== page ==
The 1920s and 1930s were archaeology’s heyday. In 1922, Howard Carter’s discovery of Tutankhamen’s tomb in Egypt’s Valley of the Kings gripped the public. The media of the day regularly reported on progress and finds at different excavation sites. Often colorfully described, these reports provided vivid pictures of life on excavations and fantastic glimpses of the culture, history, and lives of ancient peoples.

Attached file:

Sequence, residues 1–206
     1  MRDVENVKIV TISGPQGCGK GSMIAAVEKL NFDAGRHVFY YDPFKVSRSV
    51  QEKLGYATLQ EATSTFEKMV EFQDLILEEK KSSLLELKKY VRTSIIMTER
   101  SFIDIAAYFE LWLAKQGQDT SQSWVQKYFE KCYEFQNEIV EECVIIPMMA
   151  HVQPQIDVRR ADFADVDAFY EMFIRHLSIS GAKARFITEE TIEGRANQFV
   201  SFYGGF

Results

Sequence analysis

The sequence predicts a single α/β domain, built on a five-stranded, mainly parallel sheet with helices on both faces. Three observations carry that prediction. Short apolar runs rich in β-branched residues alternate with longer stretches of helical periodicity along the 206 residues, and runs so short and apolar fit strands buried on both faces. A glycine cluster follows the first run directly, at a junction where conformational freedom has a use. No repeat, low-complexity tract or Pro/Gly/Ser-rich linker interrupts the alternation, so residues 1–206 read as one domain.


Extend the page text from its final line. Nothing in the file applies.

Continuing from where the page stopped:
The news stories about Ur were no different. Woolley’s eagerness to engage the general public and his unique ability to simplify and tell lively stories about his discoveries made him a popular figure. Woolley regularly contributed reports to the newspapers and The Illustrated London Newsabout the progress of his work at Ur. He never missed an opportunity to link what he found to Abraham and the Bible or to compare it to Egypt and Tutankhamen. The intense media coverage of Ur inspired readers, including European royalty such as Belgium’s King Albert, to see the excavations firsthand. The most intriguing guest was author Agatha Christie, who first visited in 1928. She became enthralled with life at the site, as well as good friends with Woolley’s wife, Katharine. She returned the following season and eventually married Woolley’s young archaeological field assistant, Max Mallowan.